WARRENTON - The city has delivered on its promise to establish new capital reserve funds - a priority set by the Warrenton Budget Committee.
Mayor Jeff Hazen and fellow commissioners recently established four new capital reserve funds for the city's coffers: Tansy Point Dock, Warrenton Marina, the water fund and sewer fund.
Hazen noted that members of the community agreed with city staff in placing a high priority in having some money in reserve for future capital projects. A retired commissioner, Keith Dyer, has gone before the city stressing the importance of properly maintaining Tansy Point Dock.
"I think Keith would be pleased about this," Hazen said.
City Manager Scott Derickson repeatedly has stressed the importance of capital reserve funds.
Finance Director Laurie Sawrey added that by state law, reserve funds must be reviewed every 10 years by the commission "to determine if they are still serving the desired purpose."
Establishing new reserve funds was a top priority of budget committee members - made up of commissioners and local citizens - who dealt with the task of higher costs for city services and the lack of reserve funds to assist in those rising costs.
Under the approved 2002-2003 fiscal budget the four new capital reserve funds have been budgeted as follows:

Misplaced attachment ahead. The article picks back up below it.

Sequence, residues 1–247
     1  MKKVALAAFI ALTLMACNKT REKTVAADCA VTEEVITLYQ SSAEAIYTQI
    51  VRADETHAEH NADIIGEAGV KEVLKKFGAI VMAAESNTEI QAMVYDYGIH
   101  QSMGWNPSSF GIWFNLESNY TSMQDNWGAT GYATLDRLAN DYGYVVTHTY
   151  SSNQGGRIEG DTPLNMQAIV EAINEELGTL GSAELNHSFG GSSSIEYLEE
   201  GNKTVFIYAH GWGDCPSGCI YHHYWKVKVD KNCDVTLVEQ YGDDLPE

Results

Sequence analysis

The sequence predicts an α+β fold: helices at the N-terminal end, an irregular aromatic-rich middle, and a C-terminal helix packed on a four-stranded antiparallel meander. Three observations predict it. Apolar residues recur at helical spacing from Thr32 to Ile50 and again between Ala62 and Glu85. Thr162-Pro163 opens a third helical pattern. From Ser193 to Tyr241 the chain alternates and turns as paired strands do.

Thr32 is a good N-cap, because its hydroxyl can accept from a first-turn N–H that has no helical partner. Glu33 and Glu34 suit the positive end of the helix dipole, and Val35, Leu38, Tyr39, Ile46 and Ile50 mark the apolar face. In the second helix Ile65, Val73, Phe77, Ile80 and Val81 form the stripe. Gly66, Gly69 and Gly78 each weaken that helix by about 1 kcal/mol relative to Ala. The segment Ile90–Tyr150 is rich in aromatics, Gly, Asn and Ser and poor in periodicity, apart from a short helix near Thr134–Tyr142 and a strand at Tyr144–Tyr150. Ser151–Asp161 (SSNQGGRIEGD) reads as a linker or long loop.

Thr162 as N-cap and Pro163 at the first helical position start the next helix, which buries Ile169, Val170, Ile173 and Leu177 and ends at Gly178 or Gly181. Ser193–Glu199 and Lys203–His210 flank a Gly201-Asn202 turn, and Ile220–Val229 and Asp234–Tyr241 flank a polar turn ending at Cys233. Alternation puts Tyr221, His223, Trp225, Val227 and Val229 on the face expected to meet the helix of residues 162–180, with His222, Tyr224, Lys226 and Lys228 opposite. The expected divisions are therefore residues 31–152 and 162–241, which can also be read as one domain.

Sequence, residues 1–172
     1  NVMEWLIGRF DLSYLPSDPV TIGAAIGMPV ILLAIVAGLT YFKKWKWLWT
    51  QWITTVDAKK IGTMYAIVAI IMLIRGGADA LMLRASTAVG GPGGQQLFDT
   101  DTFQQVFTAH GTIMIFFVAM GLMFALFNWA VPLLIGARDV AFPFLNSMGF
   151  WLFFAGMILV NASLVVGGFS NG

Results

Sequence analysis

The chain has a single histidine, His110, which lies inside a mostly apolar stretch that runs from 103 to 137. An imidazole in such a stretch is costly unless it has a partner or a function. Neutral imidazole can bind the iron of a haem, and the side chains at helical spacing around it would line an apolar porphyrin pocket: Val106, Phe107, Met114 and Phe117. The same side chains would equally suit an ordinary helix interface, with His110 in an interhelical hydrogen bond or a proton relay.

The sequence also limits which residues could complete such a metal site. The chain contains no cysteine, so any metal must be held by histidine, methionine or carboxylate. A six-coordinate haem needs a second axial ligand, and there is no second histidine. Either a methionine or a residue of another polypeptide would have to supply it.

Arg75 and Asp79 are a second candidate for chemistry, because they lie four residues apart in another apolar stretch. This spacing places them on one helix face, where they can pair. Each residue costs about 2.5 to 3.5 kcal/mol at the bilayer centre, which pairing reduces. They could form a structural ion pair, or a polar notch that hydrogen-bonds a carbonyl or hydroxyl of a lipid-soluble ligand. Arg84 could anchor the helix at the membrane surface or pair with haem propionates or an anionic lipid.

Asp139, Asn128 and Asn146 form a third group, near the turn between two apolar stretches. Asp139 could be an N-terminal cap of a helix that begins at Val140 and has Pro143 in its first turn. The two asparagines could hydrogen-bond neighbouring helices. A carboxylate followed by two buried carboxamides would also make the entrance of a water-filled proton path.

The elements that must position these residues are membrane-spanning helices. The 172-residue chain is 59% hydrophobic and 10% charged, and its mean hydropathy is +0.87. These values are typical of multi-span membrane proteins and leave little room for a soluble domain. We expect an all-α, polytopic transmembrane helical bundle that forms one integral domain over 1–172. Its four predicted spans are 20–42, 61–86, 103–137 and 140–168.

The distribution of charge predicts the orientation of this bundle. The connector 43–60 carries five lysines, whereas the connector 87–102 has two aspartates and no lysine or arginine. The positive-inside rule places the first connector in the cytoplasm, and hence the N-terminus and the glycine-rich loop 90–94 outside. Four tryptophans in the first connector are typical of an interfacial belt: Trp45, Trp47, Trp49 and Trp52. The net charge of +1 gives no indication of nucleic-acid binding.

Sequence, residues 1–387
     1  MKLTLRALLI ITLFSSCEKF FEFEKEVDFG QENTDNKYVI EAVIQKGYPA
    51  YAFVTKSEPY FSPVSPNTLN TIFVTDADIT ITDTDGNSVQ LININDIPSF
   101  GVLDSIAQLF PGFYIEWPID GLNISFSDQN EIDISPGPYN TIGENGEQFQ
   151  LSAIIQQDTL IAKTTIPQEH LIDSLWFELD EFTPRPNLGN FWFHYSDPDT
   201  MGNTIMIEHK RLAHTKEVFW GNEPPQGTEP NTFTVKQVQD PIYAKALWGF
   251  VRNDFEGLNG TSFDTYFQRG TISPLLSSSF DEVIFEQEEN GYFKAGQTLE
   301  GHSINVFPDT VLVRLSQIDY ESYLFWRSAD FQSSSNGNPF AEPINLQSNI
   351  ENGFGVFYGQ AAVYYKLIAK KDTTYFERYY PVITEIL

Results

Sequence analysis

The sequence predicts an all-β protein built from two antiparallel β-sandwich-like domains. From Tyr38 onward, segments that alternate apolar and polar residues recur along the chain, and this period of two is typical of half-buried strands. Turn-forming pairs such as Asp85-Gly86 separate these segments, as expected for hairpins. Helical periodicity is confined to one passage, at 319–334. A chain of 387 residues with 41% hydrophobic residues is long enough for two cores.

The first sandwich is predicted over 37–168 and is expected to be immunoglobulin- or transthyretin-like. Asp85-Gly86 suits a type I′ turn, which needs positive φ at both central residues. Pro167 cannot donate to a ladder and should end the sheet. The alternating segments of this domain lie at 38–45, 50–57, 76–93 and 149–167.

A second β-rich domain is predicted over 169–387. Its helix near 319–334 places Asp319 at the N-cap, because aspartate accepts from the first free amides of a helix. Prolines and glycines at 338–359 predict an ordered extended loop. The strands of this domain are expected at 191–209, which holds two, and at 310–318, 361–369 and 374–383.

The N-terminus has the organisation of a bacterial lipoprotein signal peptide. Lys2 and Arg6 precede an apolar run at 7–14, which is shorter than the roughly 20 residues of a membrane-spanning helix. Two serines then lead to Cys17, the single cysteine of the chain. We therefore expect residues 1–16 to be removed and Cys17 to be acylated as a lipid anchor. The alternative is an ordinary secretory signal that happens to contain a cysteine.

Tansy Point Dock, $20,000;
Warrenton Marina, $30,600;
Water Fund, $4,500,000;
Sewer Fund, $835,000.
The budget committee's top priorities - listed in its adopted budget recommendation - for this fiscal year are sewer lagoon improvements, water filtration plant construction, capital reserve funds and budgeting for indirect costs.
The committee, chaired by Leslie Shepherd, called for capital reserve funds to be established to support planning and future capital costs associated with infrastructure.
And with regards to community reaction of new water, sewer and garbage rates, Sawrey reported, "the two days after we mailed the first bills reflecting the increases was a whirlwind. The phone rang continuously. We staffed the counter and phone - the city manager got in on the act of assisting customers. Things have settled down significantly since then and people are getting used to the new rates."